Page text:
Miliband at Green Alliance: “We cannot let COP26 be the greenwash summit”

Ed Miliband

Below is the full text of the speech delivered by Ed Miliband, Shadow Secretary of State for Business, Energy and Industrial Strategy, at the Green Alliance today.

Can I start by expressing my thanks to Green Alliance for hosting this event. You are a great organisation with brilliant leadership from Shaun Spiers, informed and informative, intelligent and committed.

I am here today to talk about COP26, the most consequential summit that has ever taken place about the most consequential issue facing our world, which will open in Glasgow in barely a fortnight’s time.

This summit comes amidst an energy crisis here at home. We must learn the lesson from this crisis that we need to plan ahead, we cannot neglect our resilience as the government has and the best route to energy security is to go further and faster on the green transition at home.

COP26 matters because it will profoundly affect the world our children and grandchildren grow up in. It matters because it is a profound test of our solidarity, our ability to come together and to recognise each other’s interests. It matters because it is a chance for the world to come together and not just prevent climate breakdown but build something better. But, for such a profoundly important event, there is little public clarity about what COP26 is seeking to achieve, how we should judge its success and what we should do afterwards.

Today I want to help rectify that. My argument is this – first, the task of COP is a matter of maths far more than people realise and if we are to understand the stakes, we need to understand the maths.

Second, behind the maths lies geopolitics and in particular the relationship, and degree of trust, between the developing and developed world. In this context, I want to try and learn lessons for Glasgow from the Copenhagen summit, which I attended as UK Climate Change Secretary, and the successful Paris Summit of 2015.

Third, we are still miles away from where we need to be for Glasgow partly because, despite the best efforts of Alok Sharma, the rest of government has not stepped up in the way it should.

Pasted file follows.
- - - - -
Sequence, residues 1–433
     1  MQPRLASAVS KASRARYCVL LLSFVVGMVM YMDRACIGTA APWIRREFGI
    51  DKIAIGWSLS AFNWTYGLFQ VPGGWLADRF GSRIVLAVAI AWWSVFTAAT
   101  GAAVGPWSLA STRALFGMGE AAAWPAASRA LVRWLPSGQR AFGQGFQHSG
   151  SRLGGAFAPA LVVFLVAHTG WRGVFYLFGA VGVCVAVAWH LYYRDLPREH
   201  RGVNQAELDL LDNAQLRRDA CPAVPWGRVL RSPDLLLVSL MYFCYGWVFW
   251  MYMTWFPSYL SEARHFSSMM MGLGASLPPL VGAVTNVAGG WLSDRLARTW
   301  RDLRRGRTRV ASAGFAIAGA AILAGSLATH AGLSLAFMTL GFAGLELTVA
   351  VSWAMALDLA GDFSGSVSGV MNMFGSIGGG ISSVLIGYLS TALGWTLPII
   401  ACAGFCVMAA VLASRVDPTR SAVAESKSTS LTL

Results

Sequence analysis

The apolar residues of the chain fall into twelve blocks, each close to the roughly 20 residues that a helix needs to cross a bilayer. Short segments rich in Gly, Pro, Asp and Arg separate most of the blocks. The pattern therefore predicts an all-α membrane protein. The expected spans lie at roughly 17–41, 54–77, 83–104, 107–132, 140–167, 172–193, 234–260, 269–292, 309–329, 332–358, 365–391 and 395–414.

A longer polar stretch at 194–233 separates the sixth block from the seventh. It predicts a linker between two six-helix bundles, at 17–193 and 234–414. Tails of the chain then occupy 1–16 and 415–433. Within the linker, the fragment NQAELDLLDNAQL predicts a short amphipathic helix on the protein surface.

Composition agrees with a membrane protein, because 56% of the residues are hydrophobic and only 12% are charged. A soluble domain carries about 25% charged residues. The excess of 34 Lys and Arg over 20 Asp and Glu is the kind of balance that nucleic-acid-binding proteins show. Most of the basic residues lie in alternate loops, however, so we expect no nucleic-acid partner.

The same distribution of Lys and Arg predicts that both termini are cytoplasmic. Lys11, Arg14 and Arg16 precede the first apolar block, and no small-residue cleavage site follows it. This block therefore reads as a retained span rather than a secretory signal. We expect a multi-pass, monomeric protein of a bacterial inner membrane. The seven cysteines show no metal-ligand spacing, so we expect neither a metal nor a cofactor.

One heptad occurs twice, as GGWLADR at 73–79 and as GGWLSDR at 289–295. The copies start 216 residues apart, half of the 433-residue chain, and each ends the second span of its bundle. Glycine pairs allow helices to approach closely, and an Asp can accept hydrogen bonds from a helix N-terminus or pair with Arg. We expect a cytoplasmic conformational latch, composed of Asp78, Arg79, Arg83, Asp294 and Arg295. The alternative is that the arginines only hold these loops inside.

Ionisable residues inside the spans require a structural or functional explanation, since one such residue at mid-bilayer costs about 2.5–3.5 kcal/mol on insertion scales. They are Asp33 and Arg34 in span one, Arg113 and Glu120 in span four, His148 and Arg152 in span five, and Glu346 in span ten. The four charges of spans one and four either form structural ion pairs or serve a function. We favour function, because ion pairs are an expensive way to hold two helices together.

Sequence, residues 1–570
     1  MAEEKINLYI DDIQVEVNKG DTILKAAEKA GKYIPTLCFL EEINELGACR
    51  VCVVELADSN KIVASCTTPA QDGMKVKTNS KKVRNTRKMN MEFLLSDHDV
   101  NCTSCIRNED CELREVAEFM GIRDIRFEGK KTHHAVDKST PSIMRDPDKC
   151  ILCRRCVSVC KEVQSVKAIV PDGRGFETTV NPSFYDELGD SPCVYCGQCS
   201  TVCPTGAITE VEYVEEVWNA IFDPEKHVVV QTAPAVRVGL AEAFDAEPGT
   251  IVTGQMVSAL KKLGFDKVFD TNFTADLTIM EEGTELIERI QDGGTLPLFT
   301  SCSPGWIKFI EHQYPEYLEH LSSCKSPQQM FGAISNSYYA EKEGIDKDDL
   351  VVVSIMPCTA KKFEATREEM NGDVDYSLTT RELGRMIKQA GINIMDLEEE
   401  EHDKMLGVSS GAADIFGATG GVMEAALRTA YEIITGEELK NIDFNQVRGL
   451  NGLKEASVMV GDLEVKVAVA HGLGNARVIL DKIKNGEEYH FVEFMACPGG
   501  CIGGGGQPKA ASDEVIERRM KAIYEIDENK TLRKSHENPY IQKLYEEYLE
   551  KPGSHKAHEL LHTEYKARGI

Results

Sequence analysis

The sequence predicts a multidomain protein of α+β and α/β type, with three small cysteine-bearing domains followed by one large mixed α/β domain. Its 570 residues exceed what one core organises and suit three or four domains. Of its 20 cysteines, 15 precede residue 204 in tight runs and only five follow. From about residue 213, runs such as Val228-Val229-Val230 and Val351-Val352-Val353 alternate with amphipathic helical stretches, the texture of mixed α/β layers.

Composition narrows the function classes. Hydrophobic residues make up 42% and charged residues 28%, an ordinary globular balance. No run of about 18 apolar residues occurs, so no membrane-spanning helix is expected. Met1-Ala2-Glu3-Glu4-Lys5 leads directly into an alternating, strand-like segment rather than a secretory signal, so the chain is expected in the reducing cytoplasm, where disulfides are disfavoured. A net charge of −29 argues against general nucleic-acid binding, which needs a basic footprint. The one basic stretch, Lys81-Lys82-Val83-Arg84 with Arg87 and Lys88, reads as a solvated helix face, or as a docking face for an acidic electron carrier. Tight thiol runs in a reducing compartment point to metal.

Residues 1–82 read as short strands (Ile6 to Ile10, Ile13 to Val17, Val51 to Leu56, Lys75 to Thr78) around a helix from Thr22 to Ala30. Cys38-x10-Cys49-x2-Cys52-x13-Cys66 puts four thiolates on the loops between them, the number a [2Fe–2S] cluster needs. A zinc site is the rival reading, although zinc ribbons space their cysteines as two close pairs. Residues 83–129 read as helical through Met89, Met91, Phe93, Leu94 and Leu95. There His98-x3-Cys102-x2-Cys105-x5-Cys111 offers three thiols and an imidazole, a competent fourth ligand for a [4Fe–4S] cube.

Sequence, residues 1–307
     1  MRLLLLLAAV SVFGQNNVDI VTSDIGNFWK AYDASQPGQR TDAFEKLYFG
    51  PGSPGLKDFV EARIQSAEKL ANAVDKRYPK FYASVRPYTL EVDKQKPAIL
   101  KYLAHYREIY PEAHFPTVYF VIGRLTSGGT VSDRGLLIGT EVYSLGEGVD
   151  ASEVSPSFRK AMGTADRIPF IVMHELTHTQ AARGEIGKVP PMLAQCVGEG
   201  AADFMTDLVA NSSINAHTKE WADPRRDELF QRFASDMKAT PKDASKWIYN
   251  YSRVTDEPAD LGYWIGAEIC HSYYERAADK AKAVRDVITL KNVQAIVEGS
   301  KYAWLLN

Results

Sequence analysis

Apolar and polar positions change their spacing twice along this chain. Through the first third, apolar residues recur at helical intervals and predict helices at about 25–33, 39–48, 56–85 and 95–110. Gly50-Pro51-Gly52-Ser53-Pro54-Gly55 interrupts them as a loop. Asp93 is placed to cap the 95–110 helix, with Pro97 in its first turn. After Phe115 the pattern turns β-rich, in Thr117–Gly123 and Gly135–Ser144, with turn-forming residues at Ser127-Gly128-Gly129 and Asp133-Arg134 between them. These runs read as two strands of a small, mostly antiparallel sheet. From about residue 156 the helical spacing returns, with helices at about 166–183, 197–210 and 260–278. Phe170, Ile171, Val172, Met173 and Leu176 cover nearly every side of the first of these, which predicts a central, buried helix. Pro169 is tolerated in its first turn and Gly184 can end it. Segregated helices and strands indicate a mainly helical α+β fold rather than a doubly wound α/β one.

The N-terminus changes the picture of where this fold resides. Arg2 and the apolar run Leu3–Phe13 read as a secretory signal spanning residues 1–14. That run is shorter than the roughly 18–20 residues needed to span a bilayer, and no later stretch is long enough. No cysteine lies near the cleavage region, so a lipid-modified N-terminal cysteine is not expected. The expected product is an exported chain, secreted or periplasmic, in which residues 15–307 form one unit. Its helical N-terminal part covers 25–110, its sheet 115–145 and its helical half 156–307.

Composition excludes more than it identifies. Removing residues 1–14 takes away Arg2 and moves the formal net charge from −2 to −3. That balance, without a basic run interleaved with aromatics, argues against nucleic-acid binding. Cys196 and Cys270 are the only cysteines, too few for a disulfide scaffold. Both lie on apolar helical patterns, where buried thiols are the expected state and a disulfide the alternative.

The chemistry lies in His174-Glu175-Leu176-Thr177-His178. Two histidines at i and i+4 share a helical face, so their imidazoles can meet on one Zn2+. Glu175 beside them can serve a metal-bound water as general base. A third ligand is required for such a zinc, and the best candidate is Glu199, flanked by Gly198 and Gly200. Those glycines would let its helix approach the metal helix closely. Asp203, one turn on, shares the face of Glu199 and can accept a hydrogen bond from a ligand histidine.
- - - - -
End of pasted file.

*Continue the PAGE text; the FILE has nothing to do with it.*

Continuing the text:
Fourth, the cause is not hopeless, we have to do everything we can in the remaining days but it requires all the focus, attention, and strategic thinking the government can muster.

Fifth, given where we are, the road-map out of Glasgow matters as much as what happens at the summit. The right way now to think about Glasgow is as the start of a process not the end of it; the summit must lay out a roadmap for further progress during the rest of this decade.

Let me start with the maths. I’m a self-confessed nerd and maybe being a climate nerd has something going for it.

“What is the COP about?” is a question I get asked a lot. It is about whether we preserve species or destroy them, make our planet inhabitable or uninhabitable, protect the most vulnerable here and around the world from climate breakdown or not. But which of these paths we take depends on the maths.

The Paris Agreement set out a clear and agreed aim for the world: “Holding the increase in the global average temperature to well below 2°C above pre-industrial levels and pursuing efforts to limit the temperature increase to 1.5°C”. But individual pledges made by countries in Paris added up not to 1.5 or 2 degrees of global warming but something around 2.7 degrees.

In that gap is written global catastrophe. That is why the authors of the Paris Agreement rightly and wisely wrote in a five year review mechanism to try to close the gap between ambition and reality.

This is the purpose of Glasgow: To seek to close the gap between the aggregated country by country targets and the high level aims of Paris. We know what that must eventually mean.

This is the crucial point: The world on the basis of Paris commitments was on course for 53 gigatonnes of emissions in 2030. To have a fighting chance of keeping global warming to two degrees, we need to be at 41 gigatonnes of emissions in 2030 and for 1.5 degrees, we need to be at 25 gigatonnes.

In other words, reductions of 12 gigatonnes from business as usual for a 2 degree world and 28 gigatonnes for a 1.5 degree world. This is the undeniable and frightening maths of Glasgow.

To ‘keep 1.5 alive’ in the slogan of this summit, greenhouse gas emissions, rising for more than two centuries and set to rise again post Covid, must be cut in half in the next nine years. Being a climate nerd, I have had these numbers on my whiteboard in my House of Commons office for more than two years. I wish the same had been true for government ministers.

The maths shows why this decade has rightly been called the decisive one in the fight against climate change. That’s why net zero targets for the middle of this century – on which there has indeed been significant progress – are necessary but simply not sufficient. It’s the legally-binding Nationally Determined Contributions for this decade that will tell Glasgow’s real story.

Now beneath the maths lie deeply complex geopolitical currents. Where should these cuts in emissions come from? Eighty percent of global greenhouse gas emissions come from G20 countries.

China alone is responsible for 28% of the world’s greenhouse gas emissions, the US 14%, the EU 9%, India 7%. Of course, if we looked at these numbers historically the story would be very different.